It’s understandable, then, that the collaborators’ responses to these items range widely across scope and style. John Jacobs and Jane Curtis, for example, dedicate their episode to the “Audio-Tactile Pedestrian Detector” button, or pedestrian button – an item so ubiquitous and unobtrusive in city streets that it seems part of the fabric of the world. In part because of the item’s complex and very human history – it is the result of some of the earliest disability activism in this country – and because of the pair’s shared background as radio producers and reporters, their response is straightforwardly journalistic. Omar Musa, in contrast, responds to a radiesthesia pendulum, a device used as a means of divination, with a love poem.
The musician and sound artist Alexandra Spence’s episode on the piece of Skylab debris blends its narrative elements and philosophical inquiry with recordings of plasma waves and electromagnetic emissions from the atmosphere and space. These “sonified emissions” have an eerie, glitchy quality, a low-key humming that enhances the uncanny oddity of Spence’s chosen item, and they serve as a beautiful and effective interface between its physicality and the incorporeal audio form in which she is working.
In a similar vein, Sally Olds’s brilliantly bolshie exploration of the history of unemployment and dole-related media panics in Australia – which uses a poster made by the Unemployed Workers’ Union as its starting point – includes recordings of tabloid television and the automated responses of the Centrelink phone line in a contradistinction to her argument that’s at once terrifically funny and deeply sad.
Two of the strongest episodes – Jinghua Qian’s response to the early camera lens and Dakota Feirer’s reflection on the Native Police uniform button – combine a very personal kind of storytelling with complex and difficult questioning about the role of collections in curating official histories, about power and collusion. Qian’s episode in particular has a thrilling cogency and boldness to its argument – no small part of which is their cheeky use of a camera lens as the foundation of their thinking through of invisibility, inscrutability and what these might afford.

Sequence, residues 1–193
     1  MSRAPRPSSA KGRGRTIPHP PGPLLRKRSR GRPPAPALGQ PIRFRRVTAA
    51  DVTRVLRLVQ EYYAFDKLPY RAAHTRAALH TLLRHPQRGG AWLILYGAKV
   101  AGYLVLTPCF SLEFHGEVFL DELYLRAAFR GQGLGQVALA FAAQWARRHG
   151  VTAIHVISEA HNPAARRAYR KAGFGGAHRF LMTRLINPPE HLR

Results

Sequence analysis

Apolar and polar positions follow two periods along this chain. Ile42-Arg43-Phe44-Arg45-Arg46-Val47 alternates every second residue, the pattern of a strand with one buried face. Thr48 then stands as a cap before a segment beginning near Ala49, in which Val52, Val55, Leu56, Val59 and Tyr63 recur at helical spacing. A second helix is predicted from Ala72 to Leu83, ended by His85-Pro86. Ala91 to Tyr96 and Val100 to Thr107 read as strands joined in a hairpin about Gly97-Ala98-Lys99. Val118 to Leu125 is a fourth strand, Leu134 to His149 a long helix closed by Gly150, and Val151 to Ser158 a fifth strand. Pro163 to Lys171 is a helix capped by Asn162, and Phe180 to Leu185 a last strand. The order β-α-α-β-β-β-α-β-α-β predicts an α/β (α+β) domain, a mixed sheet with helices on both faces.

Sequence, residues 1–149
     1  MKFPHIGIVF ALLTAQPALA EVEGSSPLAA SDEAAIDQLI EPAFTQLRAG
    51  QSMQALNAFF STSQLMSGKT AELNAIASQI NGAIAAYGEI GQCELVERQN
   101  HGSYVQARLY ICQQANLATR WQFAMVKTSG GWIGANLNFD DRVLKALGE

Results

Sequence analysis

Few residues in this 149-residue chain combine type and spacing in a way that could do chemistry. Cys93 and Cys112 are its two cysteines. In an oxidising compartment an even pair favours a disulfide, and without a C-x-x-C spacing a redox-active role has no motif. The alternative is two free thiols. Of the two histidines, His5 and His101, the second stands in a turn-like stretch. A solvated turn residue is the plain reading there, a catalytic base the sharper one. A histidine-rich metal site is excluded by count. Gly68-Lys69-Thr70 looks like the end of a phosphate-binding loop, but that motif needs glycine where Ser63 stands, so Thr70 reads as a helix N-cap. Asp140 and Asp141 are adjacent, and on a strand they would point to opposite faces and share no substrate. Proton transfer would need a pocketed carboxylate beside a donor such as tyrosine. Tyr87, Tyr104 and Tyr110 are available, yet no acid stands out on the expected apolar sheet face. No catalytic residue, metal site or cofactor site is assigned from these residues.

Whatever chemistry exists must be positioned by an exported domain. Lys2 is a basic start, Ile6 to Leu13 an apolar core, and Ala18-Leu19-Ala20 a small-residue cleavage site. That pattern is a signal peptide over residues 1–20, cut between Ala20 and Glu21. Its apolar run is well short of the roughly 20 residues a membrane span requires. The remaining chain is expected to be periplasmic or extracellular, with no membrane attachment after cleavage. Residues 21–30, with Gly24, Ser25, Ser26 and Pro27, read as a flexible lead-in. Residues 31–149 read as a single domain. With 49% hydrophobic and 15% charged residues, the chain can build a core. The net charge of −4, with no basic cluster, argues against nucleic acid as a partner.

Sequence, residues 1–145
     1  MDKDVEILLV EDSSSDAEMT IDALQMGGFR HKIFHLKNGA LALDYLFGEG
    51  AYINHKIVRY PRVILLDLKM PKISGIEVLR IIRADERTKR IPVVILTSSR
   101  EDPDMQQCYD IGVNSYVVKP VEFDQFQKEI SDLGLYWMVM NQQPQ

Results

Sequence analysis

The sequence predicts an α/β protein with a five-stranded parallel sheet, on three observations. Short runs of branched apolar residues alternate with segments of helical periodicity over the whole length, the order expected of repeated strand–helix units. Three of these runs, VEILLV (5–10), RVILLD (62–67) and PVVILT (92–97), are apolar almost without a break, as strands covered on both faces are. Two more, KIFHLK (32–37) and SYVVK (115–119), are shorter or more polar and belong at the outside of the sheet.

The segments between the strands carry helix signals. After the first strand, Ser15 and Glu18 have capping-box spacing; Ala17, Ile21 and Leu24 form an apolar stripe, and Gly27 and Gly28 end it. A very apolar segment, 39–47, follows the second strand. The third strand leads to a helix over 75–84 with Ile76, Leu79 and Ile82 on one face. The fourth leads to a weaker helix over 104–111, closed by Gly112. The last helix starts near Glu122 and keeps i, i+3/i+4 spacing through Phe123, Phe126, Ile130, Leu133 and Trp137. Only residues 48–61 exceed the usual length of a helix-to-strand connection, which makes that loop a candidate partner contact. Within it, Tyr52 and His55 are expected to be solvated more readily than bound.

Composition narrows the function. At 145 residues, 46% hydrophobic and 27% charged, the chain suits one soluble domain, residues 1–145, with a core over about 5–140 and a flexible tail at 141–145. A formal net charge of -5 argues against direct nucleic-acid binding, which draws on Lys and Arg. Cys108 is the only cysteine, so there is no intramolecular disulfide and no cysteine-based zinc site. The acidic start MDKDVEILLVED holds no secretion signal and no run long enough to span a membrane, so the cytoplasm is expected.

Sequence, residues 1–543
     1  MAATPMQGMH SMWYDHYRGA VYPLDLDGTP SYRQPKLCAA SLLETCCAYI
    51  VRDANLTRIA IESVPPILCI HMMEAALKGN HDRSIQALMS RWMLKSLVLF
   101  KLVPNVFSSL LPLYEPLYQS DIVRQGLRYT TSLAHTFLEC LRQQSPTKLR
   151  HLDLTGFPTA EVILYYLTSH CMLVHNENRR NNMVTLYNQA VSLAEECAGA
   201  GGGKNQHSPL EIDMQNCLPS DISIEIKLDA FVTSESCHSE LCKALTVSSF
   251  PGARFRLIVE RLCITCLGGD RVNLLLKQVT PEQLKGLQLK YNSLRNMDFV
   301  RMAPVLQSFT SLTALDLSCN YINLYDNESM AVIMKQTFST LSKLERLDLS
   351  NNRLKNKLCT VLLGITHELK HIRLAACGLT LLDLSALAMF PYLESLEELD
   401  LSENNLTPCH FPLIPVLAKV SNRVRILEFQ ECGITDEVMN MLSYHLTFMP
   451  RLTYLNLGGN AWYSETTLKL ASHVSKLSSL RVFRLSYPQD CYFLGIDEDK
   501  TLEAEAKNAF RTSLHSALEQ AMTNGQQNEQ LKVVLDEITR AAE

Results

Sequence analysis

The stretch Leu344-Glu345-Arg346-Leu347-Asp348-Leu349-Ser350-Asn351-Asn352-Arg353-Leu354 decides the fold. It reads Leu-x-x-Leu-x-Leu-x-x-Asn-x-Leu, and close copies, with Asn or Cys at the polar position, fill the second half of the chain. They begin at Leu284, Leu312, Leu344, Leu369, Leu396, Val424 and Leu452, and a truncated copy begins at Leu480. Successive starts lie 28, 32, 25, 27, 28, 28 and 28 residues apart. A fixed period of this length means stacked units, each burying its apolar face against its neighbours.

Both Qian and Feirer are interested in possibilities and resistance, and keenly aware of the kinds of stories that are not or cannot actually be contained by objects. This kind of complication, multiplicity and depth of thinking is precisely what makes Oscillations feel different from other podcasts that share its format. There is a real sense of risk and provocation to many of the episodes, as refreshing as it is exciting.
The quality of the writing and the complexity of the stories that unspool from each of these objects are the real strengths of this podcast. That these writers have been given the space and freedom required is a credit to the editorial and production team. Oscillations touches on histories of identity, wellness, violence, economics, exploration, music, media, art and labour – all of which are as large-scale as they are local. These are expansive stories – often playful and occasionally angry but always questioning and deeply curious. So too do the quirky, quiet details that each episode uncovers offer deepened, wider and stranger visions of these objects and their worlds.
The Oscillations audio series is available from the Powerhouse Museum website, Spotify, Soundcloud and Apple.
This article was first published in the print edition of The Saturday Paper on March 11, 2023 as "Object permanence".